• Peter McNeile

Runners from five countries vie for St Moritz feature

Racecourses often judge success by attracting foreign runners and winners, especially if this has a positive effect on international betting pools. Races like the Prix de l'Arc de Triomphe benefit directly from the international fields that encourage racing fans in other jurisdictions to show interest in their home-trained contenders.


Equally, international runners are equated with excellence. British entries for Group races in Germany or Italy, say, are generally regarded at home as searching for easier routes to win black type - sometimes an unfair assessment of the quality of foreign group races. Just as often, an owner's decision to run abroad is as much about the experience as improving the breeding value of his stock.


British racing is often hailed as the best in the world, although increasingly, this bold assertion is only from the mouths of British racing professionals. There are certainly better endowed racing jurisdictions, but like many other sports, the racing game was invented in Britain, and retains some element of faded grandeur as a result, even as others surpass British race values and leave them trailing in their wake.


The poor returns have created innovation among British trainers and owners however, as witnessed recently by British success in Bahrain and a lesser know racing jurisdiction - Switzerland.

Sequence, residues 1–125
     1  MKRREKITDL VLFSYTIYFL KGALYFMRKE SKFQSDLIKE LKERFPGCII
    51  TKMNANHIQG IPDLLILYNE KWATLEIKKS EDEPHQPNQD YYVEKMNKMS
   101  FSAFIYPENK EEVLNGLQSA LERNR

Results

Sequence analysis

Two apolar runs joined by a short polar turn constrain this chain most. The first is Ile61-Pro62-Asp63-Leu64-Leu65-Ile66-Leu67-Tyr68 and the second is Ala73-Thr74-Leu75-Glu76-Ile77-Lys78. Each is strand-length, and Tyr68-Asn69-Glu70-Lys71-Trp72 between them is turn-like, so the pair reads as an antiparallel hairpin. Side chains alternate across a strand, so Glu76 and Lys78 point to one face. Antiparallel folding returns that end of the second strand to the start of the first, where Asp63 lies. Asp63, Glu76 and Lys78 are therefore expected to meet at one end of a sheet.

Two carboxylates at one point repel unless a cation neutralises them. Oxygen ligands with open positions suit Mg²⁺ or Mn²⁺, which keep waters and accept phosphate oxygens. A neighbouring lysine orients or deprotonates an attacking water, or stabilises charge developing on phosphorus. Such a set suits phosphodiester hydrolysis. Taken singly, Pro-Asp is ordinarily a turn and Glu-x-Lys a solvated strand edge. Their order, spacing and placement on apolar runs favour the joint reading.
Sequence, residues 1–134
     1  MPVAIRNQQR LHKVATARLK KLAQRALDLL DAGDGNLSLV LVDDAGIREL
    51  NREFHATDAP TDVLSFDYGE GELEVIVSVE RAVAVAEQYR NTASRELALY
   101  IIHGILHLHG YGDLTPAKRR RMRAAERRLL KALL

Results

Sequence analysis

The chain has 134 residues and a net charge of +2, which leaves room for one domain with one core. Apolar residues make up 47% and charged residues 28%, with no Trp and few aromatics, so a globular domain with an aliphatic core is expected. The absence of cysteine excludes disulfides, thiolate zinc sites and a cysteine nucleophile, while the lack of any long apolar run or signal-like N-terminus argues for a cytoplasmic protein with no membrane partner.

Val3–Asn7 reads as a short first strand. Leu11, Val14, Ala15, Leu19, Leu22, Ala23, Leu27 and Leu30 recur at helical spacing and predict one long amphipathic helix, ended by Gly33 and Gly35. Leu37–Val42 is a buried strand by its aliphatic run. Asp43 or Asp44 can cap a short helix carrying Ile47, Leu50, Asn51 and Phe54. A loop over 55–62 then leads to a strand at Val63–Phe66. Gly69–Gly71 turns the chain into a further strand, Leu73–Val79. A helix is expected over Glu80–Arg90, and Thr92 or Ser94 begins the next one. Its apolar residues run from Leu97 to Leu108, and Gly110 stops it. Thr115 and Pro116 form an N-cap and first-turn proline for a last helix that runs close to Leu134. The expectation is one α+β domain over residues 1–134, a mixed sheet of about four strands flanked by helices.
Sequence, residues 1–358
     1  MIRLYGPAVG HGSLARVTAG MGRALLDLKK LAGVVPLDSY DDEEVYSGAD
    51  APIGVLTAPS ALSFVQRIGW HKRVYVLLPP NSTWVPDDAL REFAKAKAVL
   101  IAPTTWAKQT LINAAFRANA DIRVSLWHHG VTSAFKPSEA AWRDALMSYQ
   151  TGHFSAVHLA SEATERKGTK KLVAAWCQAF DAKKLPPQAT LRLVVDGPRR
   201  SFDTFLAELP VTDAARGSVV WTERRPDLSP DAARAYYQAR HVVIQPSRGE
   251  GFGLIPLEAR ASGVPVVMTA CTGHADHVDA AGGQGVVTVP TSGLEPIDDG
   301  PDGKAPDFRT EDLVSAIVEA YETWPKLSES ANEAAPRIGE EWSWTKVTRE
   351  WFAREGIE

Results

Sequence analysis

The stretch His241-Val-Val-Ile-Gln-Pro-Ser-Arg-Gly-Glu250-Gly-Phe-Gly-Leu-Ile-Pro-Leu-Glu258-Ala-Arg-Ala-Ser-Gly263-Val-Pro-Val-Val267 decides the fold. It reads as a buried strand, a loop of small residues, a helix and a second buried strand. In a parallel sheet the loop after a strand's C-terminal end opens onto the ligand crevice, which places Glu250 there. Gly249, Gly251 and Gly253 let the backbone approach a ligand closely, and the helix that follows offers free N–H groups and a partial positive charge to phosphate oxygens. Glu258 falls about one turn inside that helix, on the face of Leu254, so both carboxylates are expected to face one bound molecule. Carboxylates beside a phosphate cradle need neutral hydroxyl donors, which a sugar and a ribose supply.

The White Turf meeting at St Moritz has been in existence since 1907, and, global warming permitting, will be around for plenty longer given its widespread support from large crowds and premium brand sponsors. This year's Longines Grosser Preis von St Moritz, worth €100,000 and of Group II status, attracted an international field any racecourse would be proud of. Runners from home, Italy, Germany, France, Britain and Spain faced the starter for the 2000m dash to the line around this tight turning circuit.


British-trained Mordred, bought deliberately to target St Moritz, and the winner of a race on each of the previous two weekends' racing, joined issue early with Furioso, trained in Spain by Guillermo Arizkorreta, placed in a handicap and listed race in his home country last autumn. Four lengths separated the two at the line, as Switzerland's biggest prize headed westward to La Zarzuella Racecourse in Madrid.




Guillermo is a classic product of the European racing scene. He was a champion amateur rider in Spain, and one of these titles also coincided with winning the Jockeys' title outright - a remarkable achievement not repeated since.


He subsequently moved to France, then England to learn the art of training, first with Carlos Laffón Parias, then with Luca Cumani in Newmarket. That apprenticeship has served him well. Since starting training in 2006, he has trained over 750 winners, 100 of which have been outside Spain.


Spain may not be a leading European racing nation, but with courses like Pau within easy reach, matching his horses to a suitable track and finding opportunities to run is not difficult. It would come as no surprise to see the Spanish champion trainer exerting further international influence in the years to come.


Viva l'Espanã, or as they say in La Zarzuella, la recompensa paga.

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